Would your child know what to do if she was separated from you in, say, a crowded public place like a park or a mall? It’s one of the most heart-poundingly scary scenarios for parents but one that every parent must prepare their child for.
- Make sure your child memorizes your full name, your phone number, and your address. Some children as young as 3 may be able to remember mom or dad’s cell phone number. Also make sure your child knows your first and last names. (Some young children might forget mom or dad’s first name since they don’t use them to refer to their parents.) If your child is too young to memorize your information, write it down on a piece of paper and tuck it away, either in her shoe or in her pocket. Remind your child where the paper is before heading to your destination so that she can tell a safe adult that it’s there in case you are separated.
- Have them practice calling you. With older children you can practice having them call your cell phone from a land line or another phone.
- Teach your child how to ask for help safely. Rather than teach your child not to ever talk to strangers, empower your child and tell her to ask a woman with a child for help. If she can’t spot a woman with a child, tell her to look for a woman or a store salesperson with a nametag or a security guard. Teach her to tell that adult that she is lost and to give that person her full name, your phone number, your name, and other basic information.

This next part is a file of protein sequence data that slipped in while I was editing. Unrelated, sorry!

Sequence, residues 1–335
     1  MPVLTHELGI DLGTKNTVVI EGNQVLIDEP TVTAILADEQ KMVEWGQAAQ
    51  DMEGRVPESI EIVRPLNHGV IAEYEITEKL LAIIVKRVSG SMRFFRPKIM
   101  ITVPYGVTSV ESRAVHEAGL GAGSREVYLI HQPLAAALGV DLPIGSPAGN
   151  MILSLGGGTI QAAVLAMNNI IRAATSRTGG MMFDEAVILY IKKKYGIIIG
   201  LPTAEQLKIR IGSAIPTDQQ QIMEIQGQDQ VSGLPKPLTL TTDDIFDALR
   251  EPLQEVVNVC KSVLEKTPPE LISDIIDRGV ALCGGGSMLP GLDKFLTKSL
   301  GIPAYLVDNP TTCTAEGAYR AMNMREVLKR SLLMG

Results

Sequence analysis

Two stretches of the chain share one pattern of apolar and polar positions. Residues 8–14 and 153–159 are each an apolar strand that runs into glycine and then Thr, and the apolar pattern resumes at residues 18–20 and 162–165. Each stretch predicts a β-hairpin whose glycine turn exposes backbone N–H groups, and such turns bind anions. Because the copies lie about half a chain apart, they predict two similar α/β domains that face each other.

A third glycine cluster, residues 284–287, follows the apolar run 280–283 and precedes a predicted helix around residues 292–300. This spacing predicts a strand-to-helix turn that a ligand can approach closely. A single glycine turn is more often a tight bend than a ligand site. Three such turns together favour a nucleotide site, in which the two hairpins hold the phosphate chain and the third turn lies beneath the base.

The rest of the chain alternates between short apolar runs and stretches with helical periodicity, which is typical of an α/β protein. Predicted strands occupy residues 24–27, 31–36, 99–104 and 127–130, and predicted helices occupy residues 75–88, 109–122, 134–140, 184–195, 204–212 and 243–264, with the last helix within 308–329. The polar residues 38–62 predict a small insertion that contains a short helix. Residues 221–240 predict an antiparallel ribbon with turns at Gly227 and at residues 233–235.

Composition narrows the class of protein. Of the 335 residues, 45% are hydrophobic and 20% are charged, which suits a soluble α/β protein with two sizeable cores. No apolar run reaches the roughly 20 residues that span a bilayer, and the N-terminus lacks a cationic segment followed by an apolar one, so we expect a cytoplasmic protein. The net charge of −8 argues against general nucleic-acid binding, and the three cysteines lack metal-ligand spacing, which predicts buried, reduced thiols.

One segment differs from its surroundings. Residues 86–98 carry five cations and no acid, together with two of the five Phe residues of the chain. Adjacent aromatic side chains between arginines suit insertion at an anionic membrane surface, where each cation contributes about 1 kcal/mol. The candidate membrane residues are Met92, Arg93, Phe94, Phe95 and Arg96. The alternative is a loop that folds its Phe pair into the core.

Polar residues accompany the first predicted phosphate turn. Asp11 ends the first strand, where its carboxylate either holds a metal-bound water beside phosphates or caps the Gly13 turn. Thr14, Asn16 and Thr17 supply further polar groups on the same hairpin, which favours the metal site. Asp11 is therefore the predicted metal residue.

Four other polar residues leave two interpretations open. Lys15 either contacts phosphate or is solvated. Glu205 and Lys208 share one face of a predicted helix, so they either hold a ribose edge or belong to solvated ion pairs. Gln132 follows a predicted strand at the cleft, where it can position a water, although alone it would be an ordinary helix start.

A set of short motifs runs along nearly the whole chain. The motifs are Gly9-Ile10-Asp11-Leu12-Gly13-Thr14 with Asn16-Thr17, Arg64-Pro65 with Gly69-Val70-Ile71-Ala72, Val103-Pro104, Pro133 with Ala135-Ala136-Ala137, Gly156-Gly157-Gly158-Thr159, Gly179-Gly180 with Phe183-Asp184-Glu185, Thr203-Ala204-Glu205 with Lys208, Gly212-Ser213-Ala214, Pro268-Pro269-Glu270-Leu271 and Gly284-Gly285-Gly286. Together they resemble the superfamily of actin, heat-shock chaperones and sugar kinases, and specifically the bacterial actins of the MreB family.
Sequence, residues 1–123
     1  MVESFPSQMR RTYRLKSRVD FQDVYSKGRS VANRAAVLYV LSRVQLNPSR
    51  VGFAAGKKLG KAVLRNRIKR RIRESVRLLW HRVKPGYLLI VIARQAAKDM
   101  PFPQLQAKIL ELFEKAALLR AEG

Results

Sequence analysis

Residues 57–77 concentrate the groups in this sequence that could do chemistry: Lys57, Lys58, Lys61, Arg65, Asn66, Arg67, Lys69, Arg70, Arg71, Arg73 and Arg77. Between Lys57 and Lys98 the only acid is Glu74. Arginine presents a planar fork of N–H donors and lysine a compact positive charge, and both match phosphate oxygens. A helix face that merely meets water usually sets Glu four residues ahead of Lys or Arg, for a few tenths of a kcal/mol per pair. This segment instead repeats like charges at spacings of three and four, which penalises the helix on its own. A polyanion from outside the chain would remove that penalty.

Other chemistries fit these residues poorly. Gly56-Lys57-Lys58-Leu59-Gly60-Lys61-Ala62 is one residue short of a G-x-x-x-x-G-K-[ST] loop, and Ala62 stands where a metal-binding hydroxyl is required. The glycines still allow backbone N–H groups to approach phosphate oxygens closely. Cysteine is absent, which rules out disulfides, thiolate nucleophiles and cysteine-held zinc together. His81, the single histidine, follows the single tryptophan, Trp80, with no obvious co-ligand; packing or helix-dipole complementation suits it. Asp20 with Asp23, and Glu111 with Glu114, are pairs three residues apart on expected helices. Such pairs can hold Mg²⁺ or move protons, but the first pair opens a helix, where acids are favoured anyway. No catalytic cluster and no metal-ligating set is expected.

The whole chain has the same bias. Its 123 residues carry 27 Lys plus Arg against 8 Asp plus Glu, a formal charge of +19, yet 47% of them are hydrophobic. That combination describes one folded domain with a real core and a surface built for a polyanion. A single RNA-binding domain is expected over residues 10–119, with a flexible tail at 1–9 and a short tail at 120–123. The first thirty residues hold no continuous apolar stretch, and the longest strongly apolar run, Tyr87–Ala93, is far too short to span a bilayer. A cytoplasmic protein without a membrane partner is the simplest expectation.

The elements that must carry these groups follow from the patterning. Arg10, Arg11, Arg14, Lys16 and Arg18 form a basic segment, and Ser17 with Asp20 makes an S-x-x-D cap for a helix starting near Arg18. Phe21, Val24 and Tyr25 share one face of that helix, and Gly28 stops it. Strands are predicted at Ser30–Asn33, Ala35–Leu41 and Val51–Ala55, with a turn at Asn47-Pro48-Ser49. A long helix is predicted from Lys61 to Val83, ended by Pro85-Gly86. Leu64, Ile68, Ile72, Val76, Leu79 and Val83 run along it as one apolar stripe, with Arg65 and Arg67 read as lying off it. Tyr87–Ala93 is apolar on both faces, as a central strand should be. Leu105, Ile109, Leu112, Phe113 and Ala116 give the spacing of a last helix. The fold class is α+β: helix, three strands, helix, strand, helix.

- Tell your child to never go looking for you if they become separated. The best thing for them to do is to stay right where they are so that you can come and find them.
- Make learning these tips fun. Watch a safety video like The Safe Side -- Stranger Safety: Hot Tips To Keep Cool Kids Safe With People They Don't Know And Kinda Know, created by the National Center for Missing and Exploited Children. It delivers important safety information, such as what to do when you are separated from your parent, in a fun and easy-to-understand way that’s perfect for children.
- Practice the “what ifs.” Go over these tips periodically with your child, especially before heading out to a crowded location such as a park, playground, or other public area. Go over various types of scenarios such as “What would you do if you couldn’t see me?” or “What would you do if you don’t see a mom with a child right away after you realize we had been separated?” or “What would you do if someone said you should go with them to find me?” When you are out and about, practice these tips with your child by asking which of the adults around you he would approach if he were lost.